A survey by Naftiliaki Greek Shipping Review of the Greek orderbook has revealed 237 ships of some 23.8m dwt were on order for 59 Greek companies, at the beginning of October. Tanker orders led the way with 105 vessels. There were 64 bulk carriers, 12 LPGs, 18 LNGs, two liquid ethylene gas carriers, 21 container ships, 12 offshore supply vessels and three drilling rigs contracted.
In the first nine months of the year, 86 ships were contracted, lifting Greece back to the top of global newbuilding activity. Further, a number of multiple-ship contracts are at the letter of intent (LoI) stage including one for up to eight 82,000 dwt bulkers for Golden Union and one for two 208,000 dwt newcastlemaxes for Angelicoussis' interests. The research also found a number of deals reported as being done, were in fact not cemented.
With over $100bn invested in new ships over the past decade, the orderbook at the beginning of October was valued at $15.2bn, second to Japan’s $20.1bn and ahead of China’s $15bn.
Indeed, the lack of newbuilding finance has played into the hands of the cash rich and has seen a flurry of orders this year from Greece, ship valuation platform VesselsValue told the survey. Further, while the major, well known names still dominate, a number of less well known names are building ships.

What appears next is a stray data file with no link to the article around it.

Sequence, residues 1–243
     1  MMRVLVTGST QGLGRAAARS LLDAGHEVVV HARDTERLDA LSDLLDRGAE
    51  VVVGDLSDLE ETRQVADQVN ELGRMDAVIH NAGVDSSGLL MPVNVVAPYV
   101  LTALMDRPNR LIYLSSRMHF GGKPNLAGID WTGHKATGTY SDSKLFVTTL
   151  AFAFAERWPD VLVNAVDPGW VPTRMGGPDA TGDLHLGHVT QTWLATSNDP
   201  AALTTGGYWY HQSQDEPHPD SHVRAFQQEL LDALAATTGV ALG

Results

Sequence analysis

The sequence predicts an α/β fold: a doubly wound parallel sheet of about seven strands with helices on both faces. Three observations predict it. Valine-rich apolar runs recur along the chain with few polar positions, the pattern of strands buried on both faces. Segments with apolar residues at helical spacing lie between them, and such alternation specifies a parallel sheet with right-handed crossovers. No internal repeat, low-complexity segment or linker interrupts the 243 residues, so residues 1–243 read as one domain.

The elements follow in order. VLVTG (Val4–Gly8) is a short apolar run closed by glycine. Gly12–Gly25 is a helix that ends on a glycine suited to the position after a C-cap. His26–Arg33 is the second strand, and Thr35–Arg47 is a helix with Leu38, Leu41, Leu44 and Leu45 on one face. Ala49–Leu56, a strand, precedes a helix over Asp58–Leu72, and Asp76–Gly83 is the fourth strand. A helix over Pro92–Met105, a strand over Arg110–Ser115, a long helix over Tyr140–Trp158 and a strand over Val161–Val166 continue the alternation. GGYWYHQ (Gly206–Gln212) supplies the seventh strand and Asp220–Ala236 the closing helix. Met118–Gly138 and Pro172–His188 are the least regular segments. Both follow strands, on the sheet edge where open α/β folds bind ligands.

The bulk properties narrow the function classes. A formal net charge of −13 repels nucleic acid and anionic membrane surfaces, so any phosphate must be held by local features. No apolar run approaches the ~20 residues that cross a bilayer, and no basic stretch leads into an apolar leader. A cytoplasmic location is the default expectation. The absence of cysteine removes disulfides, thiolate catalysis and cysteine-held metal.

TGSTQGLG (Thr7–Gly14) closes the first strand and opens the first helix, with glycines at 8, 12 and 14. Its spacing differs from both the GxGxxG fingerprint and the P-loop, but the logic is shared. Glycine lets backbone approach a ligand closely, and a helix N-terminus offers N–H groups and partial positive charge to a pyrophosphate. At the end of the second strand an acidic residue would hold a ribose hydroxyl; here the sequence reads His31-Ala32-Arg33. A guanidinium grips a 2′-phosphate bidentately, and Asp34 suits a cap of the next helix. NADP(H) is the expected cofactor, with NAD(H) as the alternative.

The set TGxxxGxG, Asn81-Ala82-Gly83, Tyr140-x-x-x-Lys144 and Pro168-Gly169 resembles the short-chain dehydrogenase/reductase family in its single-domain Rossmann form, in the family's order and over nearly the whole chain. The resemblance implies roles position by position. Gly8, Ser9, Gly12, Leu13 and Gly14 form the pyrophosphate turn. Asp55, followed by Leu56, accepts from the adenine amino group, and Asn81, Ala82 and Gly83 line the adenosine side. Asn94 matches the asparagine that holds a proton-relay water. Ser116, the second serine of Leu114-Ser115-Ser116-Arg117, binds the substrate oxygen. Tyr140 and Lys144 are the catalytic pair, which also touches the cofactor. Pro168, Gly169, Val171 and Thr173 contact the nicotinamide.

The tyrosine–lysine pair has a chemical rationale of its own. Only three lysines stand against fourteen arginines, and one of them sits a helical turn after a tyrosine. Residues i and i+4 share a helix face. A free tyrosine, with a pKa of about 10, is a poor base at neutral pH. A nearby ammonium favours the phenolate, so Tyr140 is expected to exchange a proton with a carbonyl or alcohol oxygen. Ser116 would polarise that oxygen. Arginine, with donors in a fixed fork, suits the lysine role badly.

Further, the Greek orderbook is perhaps one of the best examples of how the rate of ordering new ships has changed in recent years. At the beginning of October 2011, a similar review of the Greek orderbook showed some 124 companies had 481 ships of 44.4m dwt on order, with bulk carriers accounting for over half the orderbook, 277 vessels of 23m dwt. There were also 114 tanker of 16m dwt on order. The same month in 2013, found 83 Greek companies building 390 ships of 32m dwt with bulkers still leading the way (162 ships) but wet ships and gas carriers accounted for 170 ships in all – 96 tankers, 26 LPGs and 48 LNGs. Forty eight container ships were also on order.
The fleet renewal is not confined to new ships. Greek shipowners are also the most active players in the secondhand market adding near 260 vessels to their fleets so far this year, at an outlay of over $4bn. This investment is double the next biggest buyer China, 190 ships for just on $2bn.
At the same time, some 170 trading ships have been sold reaping near $2.2bn for their Greek sellers ahead of German owners who have been forced to retrench having also sold around 170 trading ships raising $2.1bn. Greek owners have also withdrawn more ships from a crowded marketplace than any other national group, scrapping 60 units of 3.5m dwt, ahead of Singapore-based owners who have scrapped around 40 ships of 1.34m dwt.